Author: JOHN MCEVOY
After posting an article which claimed that as many as 300,000 illegal immigrants were living in the French city of Saint-Denis, the Daily Mail suffered a brutal take-down thanks to the former director of the Association against Islamophobia in France, Marwan Muhammad. Not only has the article’s author, Andrew Malone, since deleted his Twitter account (@katiba1171) – the Daily Mail has removed the article altogether.
In a 15-point Twitter schooling posted on 4 August, Muhammad picked the Daily Mail’s article to pieces. His first tweet, which has been liked over 29,000 times, reads:
And the quality of journalism in the article is, indeed, quite astonishing.
Here are some of the article’s worst clangers that Muhammad points out:
- The article’s central claim that “as many as 300,000 illegal immigrants” live in Saint-Denis is almost three times greater than the total population of Saint-Denis, which is roughly 110,733.
- Throughout the article, the author confuses the city of ‘Saint-Denis’ with the relatively massive department of ‘Seine-Saint-Denis’, which includes 40 cities. There is no evidence to support a claim that “as many as 300,000 illegal immigrants” live in either.
- The author claims that one Saint Denis resident’s personal items were “clearly stolen from tourists or Parisians”, without providing any evidence whatsoever.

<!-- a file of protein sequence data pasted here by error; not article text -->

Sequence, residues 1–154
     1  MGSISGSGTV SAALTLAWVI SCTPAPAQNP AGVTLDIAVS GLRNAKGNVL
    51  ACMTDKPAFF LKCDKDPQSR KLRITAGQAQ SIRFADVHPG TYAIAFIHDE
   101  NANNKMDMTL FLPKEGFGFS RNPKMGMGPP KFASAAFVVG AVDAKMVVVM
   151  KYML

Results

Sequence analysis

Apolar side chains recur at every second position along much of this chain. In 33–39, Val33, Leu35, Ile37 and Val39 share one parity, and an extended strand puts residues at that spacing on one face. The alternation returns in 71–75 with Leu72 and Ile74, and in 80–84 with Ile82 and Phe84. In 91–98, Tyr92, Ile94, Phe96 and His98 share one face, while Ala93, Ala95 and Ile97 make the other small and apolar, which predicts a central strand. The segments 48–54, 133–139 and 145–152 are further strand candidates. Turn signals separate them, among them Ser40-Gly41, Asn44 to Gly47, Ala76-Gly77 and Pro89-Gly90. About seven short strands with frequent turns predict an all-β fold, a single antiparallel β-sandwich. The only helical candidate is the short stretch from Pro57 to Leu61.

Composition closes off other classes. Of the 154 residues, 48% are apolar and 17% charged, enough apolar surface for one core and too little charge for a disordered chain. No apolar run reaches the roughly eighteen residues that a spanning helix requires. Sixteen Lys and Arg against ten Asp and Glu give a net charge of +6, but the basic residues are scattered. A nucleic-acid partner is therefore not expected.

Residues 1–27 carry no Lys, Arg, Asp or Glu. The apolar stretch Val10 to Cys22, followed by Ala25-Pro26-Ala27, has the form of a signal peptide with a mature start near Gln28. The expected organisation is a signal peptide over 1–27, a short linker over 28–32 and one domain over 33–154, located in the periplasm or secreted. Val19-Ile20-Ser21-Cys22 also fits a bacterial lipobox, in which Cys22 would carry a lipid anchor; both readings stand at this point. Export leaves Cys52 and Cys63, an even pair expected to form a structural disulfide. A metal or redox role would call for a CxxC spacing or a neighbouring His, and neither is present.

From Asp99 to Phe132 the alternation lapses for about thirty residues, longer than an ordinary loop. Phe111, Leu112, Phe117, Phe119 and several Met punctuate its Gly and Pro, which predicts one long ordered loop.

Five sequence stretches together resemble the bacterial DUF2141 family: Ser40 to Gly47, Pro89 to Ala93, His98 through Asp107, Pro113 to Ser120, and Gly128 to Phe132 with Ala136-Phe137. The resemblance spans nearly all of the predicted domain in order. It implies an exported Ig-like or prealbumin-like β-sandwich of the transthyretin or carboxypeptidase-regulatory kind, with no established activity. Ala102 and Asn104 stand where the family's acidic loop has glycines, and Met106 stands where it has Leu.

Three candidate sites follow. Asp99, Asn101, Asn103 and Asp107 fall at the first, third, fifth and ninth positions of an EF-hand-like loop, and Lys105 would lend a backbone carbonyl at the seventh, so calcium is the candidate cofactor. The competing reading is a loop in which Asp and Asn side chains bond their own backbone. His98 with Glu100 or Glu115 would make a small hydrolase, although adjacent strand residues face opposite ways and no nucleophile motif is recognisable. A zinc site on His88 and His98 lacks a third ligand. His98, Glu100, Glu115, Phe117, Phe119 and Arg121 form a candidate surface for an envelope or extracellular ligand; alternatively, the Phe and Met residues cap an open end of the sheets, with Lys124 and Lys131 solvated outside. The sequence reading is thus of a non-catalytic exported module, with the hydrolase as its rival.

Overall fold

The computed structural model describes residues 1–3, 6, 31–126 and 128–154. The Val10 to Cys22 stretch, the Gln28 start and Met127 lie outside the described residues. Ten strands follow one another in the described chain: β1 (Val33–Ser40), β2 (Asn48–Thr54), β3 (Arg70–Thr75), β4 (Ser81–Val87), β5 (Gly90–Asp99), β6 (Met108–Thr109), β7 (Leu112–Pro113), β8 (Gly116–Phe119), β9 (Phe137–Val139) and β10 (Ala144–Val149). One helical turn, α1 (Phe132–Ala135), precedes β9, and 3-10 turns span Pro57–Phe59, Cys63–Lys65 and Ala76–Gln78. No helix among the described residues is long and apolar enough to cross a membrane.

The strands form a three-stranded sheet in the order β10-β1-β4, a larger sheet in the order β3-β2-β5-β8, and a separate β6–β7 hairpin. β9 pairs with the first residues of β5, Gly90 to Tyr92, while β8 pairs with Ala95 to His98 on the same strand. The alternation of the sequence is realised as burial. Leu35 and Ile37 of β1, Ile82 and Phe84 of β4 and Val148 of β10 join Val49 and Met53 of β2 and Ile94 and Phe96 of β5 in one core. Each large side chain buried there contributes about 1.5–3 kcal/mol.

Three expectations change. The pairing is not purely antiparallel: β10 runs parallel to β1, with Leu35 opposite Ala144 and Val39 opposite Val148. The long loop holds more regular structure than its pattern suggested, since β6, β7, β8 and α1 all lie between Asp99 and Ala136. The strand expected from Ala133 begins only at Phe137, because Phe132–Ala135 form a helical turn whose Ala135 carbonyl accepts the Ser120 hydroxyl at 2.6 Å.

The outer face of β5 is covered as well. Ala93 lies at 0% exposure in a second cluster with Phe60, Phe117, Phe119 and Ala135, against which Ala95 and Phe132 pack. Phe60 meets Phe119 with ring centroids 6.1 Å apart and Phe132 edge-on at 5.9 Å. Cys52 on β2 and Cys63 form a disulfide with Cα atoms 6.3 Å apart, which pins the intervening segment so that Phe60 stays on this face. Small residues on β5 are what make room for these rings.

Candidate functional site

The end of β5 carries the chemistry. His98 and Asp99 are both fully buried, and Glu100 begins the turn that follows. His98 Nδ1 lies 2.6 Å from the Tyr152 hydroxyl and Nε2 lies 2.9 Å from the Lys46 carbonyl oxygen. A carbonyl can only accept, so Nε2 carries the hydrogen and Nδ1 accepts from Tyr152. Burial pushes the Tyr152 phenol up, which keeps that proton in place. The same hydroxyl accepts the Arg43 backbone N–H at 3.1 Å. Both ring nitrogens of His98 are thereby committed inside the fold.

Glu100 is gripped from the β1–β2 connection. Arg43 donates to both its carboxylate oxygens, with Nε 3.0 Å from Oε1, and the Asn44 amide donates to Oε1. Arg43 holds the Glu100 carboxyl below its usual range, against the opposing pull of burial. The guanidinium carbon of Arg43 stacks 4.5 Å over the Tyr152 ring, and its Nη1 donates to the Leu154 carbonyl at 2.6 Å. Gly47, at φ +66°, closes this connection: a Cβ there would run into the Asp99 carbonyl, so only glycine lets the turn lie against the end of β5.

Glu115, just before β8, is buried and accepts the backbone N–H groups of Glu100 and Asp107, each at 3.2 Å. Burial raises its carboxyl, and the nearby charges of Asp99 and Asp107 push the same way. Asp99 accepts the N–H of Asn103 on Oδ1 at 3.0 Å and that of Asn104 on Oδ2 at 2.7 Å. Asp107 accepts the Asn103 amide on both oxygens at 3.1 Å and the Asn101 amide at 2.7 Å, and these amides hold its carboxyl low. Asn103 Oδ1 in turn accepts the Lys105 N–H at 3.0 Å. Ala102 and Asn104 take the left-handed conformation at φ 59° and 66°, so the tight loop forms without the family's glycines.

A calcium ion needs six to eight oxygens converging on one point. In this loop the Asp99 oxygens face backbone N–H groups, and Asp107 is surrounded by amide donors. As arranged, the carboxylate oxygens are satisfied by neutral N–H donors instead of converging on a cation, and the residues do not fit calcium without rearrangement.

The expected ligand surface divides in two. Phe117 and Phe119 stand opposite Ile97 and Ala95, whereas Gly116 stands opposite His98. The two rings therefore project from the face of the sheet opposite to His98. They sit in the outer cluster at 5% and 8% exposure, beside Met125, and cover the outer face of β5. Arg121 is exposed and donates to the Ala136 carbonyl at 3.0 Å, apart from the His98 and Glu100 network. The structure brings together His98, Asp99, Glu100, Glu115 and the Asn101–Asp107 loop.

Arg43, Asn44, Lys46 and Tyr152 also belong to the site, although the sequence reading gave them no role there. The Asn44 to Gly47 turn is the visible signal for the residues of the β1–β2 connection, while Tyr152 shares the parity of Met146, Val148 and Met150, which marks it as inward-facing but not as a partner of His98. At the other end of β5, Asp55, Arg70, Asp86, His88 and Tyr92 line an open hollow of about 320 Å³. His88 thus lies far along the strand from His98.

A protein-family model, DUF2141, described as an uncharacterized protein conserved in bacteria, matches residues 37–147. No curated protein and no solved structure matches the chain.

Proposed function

- ‘The Muslims have cancelled Christmas’ argument appears within the article. No further comment is required here.
- French politician Jean-Louis Borloo, founder of the centre-right Union of Democrats and Independents (UDI) party, is falsely described as a “left-winger”. This information could have been quickly found on Wikipedia – a platform that has incidentally banned the Daily Mail as an “unreliable” source.
One Twitter user mocked the story by sharing some recent “terrifying” images from Saint-Denis:
Not so funny
While the Daily Mail’s mediocrity is laughable, it reflects a not-so-funny side of the British press that prefers anti-immigrant sensationalism to factual evidence. And despite the inaccuracies, many Daily Mail readers will find their worldview affirmed by the tabloid’s depiction of immigrants.
And this article was far from the exception. In 2015, for example, the Daily Mail published a cartoon that likened immigrants to vermin. This was a tactic of dehumanisation used by the Nazis, who the Mail actually supported in the 1930s.
Given the Daily Mail‘s apparently minimal commitment to journalistic integrity, it is not surprising that the UK written press was ranked the least trusted of 33 European countries in 2016. Online news did not rank much better.